IF MZANSI’s degreed graduates are finding it difficult to get jobs, matriculants need to think differently.
The figure for jobless graduates is 33,5% of those aged 15-24 years.
It is 10,2% for those between 25 and 34, and 4,7% for those between 35 and 64.
Just over 30% of the youth have jobs, but about half are part of the labour market.
Statistics South Africa said youths are mostly employed in trade, agriculture and finance as well as in other business service industries.
Low and semi-skilled youth employment is concentrated in the trade industry, while highly skilled youth employment is in community and social services as well as finance and other business service industries.
Winnie Moses, lecturer and senior shareholder at the College for Business and Maritime Studies, said pragmatic qualifications such as in entrepreneurship, business, web development and supply chain management do not appear to be as sexy as a degree, but they are viable career opportunities that need to be explored by the youth.
“There are hundreds of thousands of graduates in South Africa who have beautiful degrees, yet they are still unemployed.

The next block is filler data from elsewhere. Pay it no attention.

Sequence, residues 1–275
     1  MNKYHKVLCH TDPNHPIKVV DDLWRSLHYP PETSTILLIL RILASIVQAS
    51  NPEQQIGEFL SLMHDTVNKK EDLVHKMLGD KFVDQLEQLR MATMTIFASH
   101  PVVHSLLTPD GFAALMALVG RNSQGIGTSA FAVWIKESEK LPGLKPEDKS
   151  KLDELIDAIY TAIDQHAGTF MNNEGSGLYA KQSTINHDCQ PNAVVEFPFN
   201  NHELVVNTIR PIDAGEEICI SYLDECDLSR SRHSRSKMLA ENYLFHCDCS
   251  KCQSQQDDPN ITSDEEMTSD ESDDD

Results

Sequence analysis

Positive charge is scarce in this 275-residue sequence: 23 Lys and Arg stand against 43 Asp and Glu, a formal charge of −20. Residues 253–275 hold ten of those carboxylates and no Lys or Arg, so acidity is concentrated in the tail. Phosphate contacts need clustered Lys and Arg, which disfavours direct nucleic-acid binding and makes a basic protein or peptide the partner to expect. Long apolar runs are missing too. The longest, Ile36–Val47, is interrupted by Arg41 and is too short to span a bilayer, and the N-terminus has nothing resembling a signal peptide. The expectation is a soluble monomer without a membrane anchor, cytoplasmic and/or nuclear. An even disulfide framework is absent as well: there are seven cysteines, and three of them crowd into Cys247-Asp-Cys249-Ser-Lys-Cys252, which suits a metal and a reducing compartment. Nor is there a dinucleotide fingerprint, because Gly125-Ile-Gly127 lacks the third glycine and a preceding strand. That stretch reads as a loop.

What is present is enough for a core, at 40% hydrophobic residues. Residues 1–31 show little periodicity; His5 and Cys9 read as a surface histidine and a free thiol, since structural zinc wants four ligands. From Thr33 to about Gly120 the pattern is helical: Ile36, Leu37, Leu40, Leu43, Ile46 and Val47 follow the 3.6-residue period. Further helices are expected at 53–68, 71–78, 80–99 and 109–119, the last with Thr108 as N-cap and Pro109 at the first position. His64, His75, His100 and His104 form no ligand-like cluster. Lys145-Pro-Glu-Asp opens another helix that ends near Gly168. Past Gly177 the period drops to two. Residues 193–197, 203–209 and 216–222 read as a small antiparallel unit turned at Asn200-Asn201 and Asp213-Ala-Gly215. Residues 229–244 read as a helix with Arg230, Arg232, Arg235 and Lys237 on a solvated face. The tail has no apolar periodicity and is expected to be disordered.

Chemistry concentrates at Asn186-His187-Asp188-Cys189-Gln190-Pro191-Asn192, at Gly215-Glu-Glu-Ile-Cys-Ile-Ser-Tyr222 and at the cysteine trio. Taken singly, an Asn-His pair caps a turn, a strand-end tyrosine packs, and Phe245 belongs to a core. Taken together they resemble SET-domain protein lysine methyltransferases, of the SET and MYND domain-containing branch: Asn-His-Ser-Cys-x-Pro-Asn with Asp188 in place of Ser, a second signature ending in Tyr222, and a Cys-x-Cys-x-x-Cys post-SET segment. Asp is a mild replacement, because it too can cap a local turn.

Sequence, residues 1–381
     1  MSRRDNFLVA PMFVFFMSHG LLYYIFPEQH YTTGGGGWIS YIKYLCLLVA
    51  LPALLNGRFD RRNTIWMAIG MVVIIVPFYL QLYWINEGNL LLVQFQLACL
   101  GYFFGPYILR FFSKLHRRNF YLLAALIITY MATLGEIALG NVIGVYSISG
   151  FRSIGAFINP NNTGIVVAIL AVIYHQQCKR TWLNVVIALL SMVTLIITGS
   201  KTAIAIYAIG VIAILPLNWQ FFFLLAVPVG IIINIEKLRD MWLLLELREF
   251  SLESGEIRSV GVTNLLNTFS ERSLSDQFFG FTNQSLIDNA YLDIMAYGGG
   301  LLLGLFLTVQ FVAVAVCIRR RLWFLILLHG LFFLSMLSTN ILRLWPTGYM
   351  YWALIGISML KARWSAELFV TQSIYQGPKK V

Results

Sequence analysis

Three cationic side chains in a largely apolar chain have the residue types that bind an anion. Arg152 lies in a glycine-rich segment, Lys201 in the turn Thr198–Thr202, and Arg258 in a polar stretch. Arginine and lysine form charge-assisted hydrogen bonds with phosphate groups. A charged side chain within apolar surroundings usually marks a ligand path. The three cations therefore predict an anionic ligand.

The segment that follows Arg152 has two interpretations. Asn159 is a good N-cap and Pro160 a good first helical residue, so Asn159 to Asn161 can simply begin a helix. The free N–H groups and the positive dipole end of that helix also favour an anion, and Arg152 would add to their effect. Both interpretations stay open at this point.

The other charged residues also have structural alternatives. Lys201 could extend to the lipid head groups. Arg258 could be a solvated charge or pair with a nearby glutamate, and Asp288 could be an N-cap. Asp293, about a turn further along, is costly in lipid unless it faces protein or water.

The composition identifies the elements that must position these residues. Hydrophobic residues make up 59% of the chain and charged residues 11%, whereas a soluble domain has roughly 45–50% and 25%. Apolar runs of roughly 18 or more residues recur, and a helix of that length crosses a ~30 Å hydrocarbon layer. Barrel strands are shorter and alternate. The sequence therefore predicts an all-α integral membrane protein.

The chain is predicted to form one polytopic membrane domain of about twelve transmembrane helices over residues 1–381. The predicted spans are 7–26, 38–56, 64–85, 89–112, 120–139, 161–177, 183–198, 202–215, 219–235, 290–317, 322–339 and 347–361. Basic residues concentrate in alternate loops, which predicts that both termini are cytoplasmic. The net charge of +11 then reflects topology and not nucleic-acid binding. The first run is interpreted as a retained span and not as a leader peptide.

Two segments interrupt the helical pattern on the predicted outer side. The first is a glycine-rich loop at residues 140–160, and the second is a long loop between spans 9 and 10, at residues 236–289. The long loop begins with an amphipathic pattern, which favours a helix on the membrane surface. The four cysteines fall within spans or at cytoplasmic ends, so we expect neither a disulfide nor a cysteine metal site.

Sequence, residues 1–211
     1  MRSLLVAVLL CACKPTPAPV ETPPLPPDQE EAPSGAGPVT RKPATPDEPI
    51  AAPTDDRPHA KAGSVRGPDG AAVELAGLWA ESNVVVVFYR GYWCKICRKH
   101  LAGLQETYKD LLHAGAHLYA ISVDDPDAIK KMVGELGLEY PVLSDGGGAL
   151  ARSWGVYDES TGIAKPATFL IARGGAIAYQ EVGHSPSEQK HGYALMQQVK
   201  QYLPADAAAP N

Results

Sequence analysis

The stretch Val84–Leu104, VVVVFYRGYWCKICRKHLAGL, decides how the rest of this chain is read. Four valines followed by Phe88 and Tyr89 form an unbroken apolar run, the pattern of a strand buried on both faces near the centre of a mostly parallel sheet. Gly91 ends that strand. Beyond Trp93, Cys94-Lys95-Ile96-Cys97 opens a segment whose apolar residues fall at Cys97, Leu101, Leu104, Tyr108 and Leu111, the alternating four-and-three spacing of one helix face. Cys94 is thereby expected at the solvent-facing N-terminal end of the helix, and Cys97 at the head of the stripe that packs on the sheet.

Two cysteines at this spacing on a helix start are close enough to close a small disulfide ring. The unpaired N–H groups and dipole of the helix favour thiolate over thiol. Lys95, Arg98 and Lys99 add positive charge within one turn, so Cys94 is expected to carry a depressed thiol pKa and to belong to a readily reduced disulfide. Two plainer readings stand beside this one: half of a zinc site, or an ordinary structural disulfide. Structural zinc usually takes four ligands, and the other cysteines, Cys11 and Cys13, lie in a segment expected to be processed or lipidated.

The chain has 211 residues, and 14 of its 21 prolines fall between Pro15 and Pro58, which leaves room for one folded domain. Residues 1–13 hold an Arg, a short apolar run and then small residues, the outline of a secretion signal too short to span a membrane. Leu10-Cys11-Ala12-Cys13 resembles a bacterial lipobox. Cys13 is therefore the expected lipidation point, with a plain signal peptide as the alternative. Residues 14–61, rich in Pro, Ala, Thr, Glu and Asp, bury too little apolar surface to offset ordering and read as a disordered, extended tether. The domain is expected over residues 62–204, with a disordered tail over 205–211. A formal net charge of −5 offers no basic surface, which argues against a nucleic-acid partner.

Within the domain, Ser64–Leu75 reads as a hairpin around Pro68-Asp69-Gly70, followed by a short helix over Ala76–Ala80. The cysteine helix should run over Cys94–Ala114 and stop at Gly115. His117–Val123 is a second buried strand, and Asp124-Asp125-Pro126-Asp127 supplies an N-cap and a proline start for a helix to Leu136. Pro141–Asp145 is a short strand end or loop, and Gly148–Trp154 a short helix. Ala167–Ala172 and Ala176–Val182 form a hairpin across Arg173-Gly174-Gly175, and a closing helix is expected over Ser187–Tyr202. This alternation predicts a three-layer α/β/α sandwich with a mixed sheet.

“To the youth and parents of these young people, I ask you to think hard about your future and career possibilities.
“Do research and check the job opportunities before you settle on your desired degree.
“Speak to career counsellors who specialise in offering students practical knowledge and ask them to advise you on what the best course for you would be.”
Winnie said in most cases 70% of degree students changed their qualification after the first year, because they never expected how their interests could be hooked by available education. This, of course, has a huge effect on the money spent on education.
She advised young people leaving school soon to consult them for information on pragmatic courses, or for free career guidance, by contacting them on 011 339 1301 or emailing firstname.lastname@example.org